The key difference between receptive and expressive language lies in understanding versus communicating. Receptive language skills help kids grasp what someone else is trying to communicate. Expressive language skills help them communicate effectively with others.

Kids typically learn receptive language skills before they learn equivalent expressive language skills. Many 2-year-olds, for example, can understand the phrase “Please give me the toy,” but it may be another year or so before they start to say “Give me the toy” when they want a toy themselves.

Here are some examples:

Receptive Language MilestonesExpressive Language Milestones
Responds to facial expressionsUses facial expressions to communicate feelings (like exaggerating a frown when upset)
Understands a command like “Give me the toy”Can issue a command (asking for a toy to be given to them)
Understands directions with multiple steps, like “Pick up the toy and put it in the toy basket”Can give directions with multiple steps, like “Can you get my water bottle from my room and bring it to me?”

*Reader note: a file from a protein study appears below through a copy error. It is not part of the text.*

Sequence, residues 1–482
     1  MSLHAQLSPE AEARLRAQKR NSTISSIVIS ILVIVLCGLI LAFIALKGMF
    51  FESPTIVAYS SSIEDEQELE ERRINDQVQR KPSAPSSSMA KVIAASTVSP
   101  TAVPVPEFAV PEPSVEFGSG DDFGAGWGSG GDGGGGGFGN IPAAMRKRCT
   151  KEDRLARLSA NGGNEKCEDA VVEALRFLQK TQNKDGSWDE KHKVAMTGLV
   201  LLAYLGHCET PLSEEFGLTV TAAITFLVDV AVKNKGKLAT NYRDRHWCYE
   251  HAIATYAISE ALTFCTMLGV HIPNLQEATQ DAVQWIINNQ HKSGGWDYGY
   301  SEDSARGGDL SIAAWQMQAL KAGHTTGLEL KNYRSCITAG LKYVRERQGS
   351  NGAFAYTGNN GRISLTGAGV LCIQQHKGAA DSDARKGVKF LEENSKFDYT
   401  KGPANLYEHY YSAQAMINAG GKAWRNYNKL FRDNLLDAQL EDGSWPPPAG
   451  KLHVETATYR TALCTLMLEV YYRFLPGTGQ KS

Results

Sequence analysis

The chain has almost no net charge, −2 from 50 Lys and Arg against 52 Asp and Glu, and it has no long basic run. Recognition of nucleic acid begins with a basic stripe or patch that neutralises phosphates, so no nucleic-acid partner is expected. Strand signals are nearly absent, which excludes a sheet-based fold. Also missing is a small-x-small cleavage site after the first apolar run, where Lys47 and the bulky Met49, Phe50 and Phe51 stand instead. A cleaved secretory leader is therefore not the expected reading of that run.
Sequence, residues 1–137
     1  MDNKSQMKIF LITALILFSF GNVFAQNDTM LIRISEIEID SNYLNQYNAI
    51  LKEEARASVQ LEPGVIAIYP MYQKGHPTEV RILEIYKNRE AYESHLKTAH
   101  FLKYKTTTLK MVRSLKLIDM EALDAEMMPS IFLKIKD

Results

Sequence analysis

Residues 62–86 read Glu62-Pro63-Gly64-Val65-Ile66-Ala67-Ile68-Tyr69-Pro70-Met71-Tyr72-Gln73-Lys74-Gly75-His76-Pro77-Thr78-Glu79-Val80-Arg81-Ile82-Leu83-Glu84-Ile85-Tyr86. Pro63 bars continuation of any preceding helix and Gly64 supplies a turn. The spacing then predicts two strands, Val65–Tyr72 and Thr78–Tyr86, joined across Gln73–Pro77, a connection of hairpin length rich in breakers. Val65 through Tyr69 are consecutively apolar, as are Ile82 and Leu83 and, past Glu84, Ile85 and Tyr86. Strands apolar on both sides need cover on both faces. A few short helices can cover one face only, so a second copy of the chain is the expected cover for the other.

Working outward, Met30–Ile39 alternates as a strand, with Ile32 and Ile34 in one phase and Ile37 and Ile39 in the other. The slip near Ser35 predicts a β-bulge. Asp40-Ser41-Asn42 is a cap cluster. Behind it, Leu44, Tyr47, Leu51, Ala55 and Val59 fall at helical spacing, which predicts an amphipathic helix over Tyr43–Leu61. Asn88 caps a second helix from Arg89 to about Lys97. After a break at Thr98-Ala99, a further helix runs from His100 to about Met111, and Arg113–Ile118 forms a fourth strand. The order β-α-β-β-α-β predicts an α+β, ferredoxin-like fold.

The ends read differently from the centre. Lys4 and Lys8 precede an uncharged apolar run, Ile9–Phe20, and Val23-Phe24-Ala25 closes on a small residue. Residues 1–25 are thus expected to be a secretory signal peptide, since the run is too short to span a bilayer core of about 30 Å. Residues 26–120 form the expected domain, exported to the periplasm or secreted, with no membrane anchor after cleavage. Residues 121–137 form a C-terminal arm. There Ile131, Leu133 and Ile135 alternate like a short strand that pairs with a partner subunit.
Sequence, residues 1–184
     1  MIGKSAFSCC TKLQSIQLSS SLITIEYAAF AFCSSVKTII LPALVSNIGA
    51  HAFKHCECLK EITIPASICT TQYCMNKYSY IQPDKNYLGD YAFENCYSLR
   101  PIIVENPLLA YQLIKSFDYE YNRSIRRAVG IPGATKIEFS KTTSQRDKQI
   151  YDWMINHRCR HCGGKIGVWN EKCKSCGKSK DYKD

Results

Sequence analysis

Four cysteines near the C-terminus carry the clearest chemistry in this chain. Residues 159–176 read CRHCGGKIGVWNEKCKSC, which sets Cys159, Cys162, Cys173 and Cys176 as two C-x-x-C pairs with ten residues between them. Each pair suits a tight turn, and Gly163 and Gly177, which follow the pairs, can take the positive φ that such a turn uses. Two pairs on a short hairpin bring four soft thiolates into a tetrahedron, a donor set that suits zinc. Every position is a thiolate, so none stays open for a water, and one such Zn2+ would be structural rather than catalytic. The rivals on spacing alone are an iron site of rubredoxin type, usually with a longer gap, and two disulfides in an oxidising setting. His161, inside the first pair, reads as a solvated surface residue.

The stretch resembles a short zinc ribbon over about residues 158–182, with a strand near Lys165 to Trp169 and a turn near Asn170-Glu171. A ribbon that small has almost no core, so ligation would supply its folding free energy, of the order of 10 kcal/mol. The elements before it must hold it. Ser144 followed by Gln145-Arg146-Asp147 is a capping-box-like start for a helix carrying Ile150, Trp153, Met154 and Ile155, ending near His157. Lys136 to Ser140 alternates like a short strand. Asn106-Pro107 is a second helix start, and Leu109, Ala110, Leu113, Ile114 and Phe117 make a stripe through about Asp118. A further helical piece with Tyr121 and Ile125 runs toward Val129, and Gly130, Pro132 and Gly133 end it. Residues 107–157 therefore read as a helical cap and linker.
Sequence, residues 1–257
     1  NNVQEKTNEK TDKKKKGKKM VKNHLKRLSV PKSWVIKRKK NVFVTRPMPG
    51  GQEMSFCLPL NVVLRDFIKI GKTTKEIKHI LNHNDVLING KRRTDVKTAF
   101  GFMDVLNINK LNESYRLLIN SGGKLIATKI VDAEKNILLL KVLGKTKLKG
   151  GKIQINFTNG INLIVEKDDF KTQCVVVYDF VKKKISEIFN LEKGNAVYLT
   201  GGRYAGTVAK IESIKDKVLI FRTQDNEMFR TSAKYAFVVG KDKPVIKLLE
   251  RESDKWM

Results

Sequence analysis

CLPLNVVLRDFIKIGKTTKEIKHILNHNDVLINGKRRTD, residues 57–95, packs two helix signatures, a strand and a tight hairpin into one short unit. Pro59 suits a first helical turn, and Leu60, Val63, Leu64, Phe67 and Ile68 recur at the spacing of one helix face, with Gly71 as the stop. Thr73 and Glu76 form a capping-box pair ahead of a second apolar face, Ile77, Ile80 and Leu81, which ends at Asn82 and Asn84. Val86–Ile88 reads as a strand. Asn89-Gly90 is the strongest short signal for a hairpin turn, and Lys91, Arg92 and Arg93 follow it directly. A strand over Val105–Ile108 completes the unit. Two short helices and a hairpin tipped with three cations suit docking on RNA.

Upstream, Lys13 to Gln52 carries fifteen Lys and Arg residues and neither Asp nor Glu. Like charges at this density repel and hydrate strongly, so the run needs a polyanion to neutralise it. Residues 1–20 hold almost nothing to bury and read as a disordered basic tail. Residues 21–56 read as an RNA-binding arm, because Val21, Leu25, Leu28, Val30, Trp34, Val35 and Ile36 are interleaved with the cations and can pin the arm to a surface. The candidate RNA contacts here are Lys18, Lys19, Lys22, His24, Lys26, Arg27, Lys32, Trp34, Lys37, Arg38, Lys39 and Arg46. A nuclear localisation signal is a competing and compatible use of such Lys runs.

Starts to understand rules for simple games, like “Go Fish”Can explain simple rules for games to friends or family
Understands advanced words for location, like between, beside, and behindCorrectly uses advanced words for location, like between, beside, and behind

Expressive language and receptive language are both important skills. Kids sometimes struggle with expressive language, but it’s totally normal for it to lag behind their receptive language!